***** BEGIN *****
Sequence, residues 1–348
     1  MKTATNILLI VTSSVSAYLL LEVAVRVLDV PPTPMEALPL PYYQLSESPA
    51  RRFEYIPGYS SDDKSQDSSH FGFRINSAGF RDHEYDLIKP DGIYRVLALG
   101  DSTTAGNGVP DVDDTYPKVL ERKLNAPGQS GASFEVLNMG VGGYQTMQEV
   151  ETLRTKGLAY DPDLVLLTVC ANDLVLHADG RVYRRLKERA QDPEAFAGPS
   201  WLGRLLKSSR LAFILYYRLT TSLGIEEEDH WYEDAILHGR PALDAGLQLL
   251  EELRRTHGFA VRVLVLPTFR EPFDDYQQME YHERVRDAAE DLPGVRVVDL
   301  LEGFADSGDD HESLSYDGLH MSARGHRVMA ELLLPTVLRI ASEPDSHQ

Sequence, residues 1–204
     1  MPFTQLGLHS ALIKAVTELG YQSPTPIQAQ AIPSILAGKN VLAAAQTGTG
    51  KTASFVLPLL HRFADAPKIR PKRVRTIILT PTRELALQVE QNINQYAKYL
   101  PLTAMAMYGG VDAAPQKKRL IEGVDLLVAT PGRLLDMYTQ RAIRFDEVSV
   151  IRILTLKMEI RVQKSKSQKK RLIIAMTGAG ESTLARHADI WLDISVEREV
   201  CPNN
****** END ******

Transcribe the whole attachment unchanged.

Sequence, residues 1–348
     1  MKTATNILLI VTSSVSAYLL LEVAVRVLDV PPTPMEALPL PYYQLSESPA
    51  RRFEYIPGYS SDDKSQDSSH FGFRINSAGF RDHEYDLIKP DGIYRVLALG
   101  DSTTAGNGVP DVDDTYPKVL ERKLNAPGQS GASFEVLNMG VGGYQTMQEV
   151  ETLRTKGLAY DPDLVLLTVC ANDLVLHADG RVYRRLKERA QDPEAFAGPS
   201  WLGRLLKSSR LAFILYYRLT TSLGIEEEDH WYEDAILHGR PALDAGLQLL
   251  EELRRTHGFA VRVLVLPTFR EPFDDYQQME YHERVRDAAE DLPGVRVVDL
   301  LEGFADSGDD HESLSYDGLH MSARGHRVMA ELLLPTVLRI ASEPDSHQ

Sequence, residues 1–204
     1  MPFTQLGLHS ALIKAVTELG YQSPTPIQAQ AIPSILAGKN VLAAAQTGTG
    51  KTASFVLPLL HRFADAPKIR PKRVRTIILT PTRELALQVE QNINQYAKYL
   101  PLTAMAMYGG VDAAPQKKRL IEGVDLLVAT PGRLLDMYTQ RAIRFDEVSV
   151  IRILTLKMEI RVQKSKSQKK RLIIAMTGAG ESTLARHADI WLDISVEREV
   201  CPNN